About 25 North Atlantic right whales gathered south of the Vineyard this week, marking an early-season sighting of a species that scientists warn could go extinct in the next 20 years.

The sighting belies the plight of the species, Dr. Mark Baumgartner told a crowd of about 50 people gathered in the Gazette newsroom Tuesday for a talk. There are an estimated 450 whales left.

Mr. Baumgartner, a scientist with Woods Hole Oceanographic Institution and president of the North Atlantic Right Whale Consortium, said he and other scientists have documented an alarming decline in right whale calving rates alongside a rise in deaths from fishing gear entanglement.

Dr. Mark Baumgartner spoke at recent Gazette Tuesdays in the Newsroom event. — Mark Alan Lovewell

“We have years, not decades to fix this problem. The longer we wait, the harder the problem gets to fix.” Mr. Baumgartner said. “We don’t need more science to be done on this species. We need to act.”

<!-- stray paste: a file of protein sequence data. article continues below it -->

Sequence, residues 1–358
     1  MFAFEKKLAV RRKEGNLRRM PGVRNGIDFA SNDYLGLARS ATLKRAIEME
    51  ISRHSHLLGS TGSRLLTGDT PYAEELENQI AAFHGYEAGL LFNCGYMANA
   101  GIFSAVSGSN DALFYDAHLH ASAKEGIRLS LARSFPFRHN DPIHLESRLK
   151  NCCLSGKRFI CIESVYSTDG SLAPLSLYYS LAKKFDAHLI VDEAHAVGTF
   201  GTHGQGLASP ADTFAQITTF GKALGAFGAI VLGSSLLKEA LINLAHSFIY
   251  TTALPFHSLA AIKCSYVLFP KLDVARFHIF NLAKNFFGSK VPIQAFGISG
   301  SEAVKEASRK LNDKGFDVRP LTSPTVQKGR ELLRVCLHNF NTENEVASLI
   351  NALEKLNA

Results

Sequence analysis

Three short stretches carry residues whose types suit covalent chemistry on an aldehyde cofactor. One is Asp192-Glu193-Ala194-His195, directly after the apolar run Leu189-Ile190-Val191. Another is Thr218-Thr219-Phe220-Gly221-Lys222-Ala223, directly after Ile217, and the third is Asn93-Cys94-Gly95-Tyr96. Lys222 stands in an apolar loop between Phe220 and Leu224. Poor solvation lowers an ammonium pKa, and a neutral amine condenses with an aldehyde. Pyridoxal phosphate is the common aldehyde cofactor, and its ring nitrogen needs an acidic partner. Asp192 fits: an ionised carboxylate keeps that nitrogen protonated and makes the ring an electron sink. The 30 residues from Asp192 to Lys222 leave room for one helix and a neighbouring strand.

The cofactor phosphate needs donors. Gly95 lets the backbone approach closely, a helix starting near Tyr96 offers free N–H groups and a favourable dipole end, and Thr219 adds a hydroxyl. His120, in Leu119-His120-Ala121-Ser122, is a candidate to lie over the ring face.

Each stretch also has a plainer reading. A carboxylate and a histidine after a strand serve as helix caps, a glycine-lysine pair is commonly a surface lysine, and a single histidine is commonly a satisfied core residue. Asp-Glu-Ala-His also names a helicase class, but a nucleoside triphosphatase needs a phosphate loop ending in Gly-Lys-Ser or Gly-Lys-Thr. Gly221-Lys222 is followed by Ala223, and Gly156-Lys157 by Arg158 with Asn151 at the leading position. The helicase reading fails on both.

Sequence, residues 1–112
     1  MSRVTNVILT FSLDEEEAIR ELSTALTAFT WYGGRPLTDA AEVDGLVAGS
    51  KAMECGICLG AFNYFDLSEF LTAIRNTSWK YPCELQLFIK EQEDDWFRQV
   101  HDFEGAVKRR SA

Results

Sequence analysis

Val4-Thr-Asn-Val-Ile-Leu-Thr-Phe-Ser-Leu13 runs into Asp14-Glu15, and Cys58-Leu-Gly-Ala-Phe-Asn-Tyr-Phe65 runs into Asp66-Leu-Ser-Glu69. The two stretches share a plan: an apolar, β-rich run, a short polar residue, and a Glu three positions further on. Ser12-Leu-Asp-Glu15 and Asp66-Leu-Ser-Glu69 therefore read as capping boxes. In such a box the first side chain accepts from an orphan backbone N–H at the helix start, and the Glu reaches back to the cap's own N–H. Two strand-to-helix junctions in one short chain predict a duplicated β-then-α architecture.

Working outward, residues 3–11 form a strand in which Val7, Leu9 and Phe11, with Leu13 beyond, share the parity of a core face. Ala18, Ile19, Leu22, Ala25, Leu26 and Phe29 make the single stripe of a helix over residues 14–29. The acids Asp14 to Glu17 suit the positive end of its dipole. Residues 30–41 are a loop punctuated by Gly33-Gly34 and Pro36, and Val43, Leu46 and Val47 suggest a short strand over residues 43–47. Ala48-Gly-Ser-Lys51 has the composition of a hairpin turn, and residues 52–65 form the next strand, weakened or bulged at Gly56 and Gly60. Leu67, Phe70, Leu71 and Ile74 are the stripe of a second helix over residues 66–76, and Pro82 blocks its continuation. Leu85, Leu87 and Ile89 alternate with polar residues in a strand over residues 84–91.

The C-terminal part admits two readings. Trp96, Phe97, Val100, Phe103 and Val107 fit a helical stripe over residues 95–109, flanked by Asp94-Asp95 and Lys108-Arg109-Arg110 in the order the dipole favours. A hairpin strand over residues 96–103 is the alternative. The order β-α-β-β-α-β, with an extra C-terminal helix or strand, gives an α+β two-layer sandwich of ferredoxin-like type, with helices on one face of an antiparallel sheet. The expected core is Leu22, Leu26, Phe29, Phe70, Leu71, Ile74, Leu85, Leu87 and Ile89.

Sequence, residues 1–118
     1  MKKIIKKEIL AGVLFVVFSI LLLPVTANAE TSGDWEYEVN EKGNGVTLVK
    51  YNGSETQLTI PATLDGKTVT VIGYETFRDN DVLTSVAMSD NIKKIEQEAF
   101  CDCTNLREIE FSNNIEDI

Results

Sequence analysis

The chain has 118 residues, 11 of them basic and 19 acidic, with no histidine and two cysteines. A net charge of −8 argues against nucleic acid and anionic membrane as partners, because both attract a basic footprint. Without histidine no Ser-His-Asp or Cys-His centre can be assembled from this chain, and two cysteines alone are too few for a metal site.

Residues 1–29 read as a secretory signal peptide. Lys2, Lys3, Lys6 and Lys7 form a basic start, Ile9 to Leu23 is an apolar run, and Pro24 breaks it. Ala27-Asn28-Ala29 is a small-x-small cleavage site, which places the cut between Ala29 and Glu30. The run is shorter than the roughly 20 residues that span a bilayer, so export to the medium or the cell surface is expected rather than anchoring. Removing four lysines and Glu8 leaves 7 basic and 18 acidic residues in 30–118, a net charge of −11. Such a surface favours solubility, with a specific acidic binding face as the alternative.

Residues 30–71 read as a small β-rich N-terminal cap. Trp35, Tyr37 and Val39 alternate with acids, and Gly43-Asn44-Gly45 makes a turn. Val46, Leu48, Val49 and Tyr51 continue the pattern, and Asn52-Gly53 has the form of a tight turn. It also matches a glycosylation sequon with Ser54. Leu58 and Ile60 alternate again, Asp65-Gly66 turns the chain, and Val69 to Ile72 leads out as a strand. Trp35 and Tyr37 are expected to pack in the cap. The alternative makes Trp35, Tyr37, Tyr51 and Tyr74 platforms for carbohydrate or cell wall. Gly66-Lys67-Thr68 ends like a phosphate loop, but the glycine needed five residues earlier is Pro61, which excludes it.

While the situation is grave, he said, solutions including weaker fishing rope and an emerging ropeless fishing technology that could reduce the number of entanglements that kill or injure the whales.

North Atlantic right whales are about the size of a city bus, and individuals can be identified by unique patterns of callosities on their heads. The whales eat copepods, tiny crustaceans, to the tune of one or two tons a day, Mr. Baumgartner said, the caloric equivalent of about 3,000 Big Macs.